33 Pages Posted: 26 Jan 2010 Last revised: 11 Apr 2013
Date Written: September 19, 2012
This paper develops a theoretical framework to shed light on variation in credit rating standards over time and across asset classes. Ratings issued by credit rating agencies serve a dual role: they provide information to investors and are used to regulate institutional investors. We show that introducing rating-contingent regulation that favors highly rated securities may increase or decrease rating informativeness, but unambiguously increases the volume of highly rated securities. If the regulatory advantage of highly rated securities is sufficiently large, delegated information acquisition is unsustainable, since the rating agency prefers to facilitate regulatory arbitrage by inflating ratings. Our model relates rating informativeness to the quality distribution of issuers, the complexity of assets, and issuers' outside options. We reconcile our results with the existing empirical literature and highlight new, testable implications, such as repercussions of the Dodd-Frank Act.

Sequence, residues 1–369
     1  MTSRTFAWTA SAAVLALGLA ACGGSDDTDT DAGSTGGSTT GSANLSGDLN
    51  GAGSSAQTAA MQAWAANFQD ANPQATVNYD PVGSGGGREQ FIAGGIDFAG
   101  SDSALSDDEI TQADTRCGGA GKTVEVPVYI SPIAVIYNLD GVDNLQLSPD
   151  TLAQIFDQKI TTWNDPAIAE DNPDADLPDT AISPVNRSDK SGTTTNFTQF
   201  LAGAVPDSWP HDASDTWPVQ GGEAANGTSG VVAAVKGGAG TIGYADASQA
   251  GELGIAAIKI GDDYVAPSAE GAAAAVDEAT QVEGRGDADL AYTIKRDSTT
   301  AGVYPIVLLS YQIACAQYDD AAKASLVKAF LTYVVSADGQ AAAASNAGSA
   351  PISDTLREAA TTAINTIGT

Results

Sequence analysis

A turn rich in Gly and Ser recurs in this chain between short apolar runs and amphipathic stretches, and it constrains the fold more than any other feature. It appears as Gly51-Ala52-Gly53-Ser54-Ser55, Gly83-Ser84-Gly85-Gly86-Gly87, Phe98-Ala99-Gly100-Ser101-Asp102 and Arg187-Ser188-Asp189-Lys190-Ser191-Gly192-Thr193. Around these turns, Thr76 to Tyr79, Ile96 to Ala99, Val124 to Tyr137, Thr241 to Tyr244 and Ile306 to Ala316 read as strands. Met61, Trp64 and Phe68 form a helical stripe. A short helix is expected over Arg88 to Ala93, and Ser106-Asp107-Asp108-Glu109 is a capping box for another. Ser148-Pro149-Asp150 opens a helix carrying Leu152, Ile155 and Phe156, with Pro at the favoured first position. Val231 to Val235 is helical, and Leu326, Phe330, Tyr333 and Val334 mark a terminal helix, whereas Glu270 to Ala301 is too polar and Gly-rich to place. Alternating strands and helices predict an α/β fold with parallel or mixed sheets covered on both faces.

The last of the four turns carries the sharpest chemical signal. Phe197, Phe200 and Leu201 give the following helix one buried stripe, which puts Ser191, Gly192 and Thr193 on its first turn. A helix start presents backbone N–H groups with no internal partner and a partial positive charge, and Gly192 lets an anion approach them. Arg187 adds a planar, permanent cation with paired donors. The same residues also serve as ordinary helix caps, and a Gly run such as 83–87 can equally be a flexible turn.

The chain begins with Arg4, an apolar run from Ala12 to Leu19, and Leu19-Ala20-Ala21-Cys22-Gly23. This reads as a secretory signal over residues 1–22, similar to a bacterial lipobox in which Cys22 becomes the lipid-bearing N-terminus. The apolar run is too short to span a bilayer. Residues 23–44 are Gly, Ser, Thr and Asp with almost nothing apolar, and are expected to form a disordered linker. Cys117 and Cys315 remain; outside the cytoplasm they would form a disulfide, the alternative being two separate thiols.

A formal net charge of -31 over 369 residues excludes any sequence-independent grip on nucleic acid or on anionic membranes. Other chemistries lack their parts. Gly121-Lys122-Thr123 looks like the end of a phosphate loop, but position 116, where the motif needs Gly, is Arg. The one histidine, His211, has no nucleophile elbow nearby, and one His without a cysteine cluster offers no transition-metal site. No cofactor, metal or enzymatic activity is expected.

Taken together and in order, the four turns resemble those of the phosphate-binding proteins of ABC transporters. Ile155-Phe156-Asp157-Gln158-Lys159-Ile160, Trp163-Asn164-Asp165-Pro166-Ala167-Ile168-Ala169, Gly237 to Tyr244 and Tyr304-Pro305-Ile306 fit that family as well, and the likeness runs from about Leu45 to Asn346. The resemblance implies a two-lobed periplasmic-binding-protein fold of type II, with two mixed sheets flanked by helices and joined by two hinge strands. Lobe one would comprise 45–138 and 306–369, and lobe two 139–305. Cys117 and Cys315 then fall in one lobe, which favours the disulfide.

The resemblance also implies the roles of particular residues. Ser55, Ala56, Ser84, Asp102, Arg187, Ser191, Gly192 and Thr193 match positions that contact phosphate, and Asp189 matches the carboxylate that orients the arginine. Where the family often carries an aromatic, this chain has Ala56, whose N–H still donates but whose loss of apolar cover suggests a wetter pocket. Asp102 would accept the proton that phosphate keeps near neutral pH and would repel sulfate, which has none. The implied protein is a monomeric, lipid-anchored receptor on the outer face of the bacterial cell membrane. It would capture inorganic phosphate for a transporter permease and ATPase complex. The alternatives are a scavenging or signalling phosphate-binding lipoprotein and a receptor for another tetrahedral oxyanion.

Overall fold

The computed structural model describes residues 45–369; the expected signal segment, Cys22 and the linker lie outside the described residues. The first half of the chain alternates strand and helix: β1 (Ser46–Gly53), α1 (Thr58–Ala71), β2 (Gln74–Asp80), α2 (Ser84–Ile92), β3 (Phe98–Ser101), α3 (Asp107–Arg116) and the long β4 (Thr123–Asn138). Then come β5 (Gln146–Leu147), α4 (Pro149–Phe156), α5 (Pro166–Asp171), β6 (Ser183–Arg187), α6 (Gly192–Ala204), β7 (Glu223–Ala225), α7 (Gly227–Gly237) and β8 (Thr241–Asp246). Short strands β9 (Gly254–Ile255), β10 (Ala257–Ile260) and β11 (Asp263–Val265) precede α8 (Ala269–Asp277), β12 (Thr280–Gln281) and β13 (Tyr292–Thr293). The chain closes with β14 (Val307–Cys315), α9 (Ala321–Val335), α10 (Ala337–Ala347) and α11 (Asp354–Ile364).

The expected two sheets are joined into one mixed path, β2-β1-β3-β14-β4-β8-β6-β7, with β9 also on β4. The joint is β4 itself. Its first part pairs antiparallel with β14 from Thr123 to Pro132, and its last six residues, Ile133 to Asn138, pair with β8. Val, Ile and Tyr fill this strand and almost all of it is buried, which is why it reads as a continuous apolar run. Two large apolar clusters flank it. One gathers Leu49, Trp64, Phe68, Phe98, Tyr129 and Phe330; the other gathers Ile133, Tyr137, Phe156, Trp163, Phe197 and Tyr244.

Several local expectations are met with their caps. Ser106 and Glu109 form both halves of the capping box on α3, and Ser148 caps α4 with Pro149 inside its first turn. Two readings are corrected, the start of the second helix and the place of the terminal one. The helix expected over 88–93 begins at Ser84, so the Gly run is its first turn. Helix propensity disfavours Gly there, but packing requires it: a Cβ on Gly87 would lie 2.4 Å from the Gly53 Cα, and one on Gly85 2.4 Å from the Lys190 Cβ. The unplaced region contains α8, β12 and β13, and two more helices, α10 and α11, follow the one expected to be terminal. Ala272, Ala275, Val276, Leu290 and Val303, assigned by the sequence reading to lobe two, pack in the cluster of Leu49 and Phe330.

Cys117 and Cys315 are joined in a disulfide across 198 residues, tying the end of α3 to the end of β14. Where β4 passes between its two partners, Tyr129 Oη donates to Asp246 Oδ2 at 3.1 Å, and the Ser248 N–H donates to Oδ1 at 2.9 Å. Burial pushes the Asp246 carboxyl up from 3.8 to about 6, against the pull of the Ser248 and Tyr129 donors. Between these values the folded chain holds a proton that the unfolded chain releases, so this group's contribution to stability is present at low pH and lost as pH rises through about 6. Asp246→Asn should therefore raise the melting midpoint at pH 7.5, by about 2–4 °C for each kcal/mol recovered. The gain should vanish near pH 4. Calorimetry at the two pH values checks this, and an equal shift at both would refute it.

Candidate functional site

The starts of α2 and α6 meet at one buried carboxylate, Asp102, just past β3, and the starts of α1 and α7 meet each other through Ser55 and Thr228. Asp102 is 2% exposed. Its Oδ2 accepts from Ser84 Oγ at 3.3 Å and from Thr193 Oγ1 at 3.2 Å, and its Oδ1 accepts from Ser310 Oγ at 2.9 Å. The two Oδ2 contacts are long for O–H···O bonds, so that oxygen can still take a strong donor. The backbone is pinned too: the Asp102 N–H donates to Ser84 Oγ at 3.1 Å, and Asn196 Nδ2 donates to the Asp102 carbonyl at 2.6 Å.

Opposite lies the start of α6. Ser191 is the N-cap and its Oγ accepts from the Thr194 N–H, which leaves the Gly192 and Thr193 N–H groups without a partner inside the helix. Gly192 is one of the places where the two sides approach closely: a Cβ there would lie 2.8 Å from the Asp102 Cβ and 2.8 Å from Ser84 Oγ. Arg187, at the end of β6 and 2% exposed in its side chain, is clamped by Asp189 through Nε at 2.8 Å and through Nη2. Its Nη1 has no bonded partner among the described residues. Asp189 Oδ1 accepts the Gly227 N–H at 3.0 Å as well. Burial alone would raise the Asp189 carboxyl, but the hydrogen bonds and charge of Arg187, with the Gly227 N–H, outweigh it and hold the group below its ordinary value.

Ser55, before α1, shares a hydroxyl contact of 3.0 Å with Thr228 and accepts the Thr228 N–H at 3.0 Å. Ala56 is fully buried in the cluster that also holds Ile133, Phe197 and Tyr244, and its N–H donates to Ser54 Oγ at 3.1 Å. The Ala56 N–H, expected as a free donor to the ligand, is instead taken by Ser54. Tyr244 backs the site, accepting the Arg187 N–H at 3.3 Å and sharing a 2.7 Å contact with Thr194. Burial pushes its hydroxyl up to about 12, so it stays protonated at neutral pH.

Keywords: Financial Regulation, Rating Agencies, Certification, Dodd-Frank Act
JEL Classification: G24, G28, G01, D82, D83
Suggested Citation: Suggested Citation
Opp, Christian C. and Opp, Marcus M. and Harris, Milton, Rating Agencies in the Face of Regulation (September 19, 2012). Journal of Financial Economics (JFE), Vol. 108, pp. 64-81, 2013; Chicago Booth Research Paper No. 13-05; Fama-Miller Working Paper. Available at SSRN: https://ssrn.com/abstract=1540099 or http://dx.doi.org/10.2139/ssrn.1540099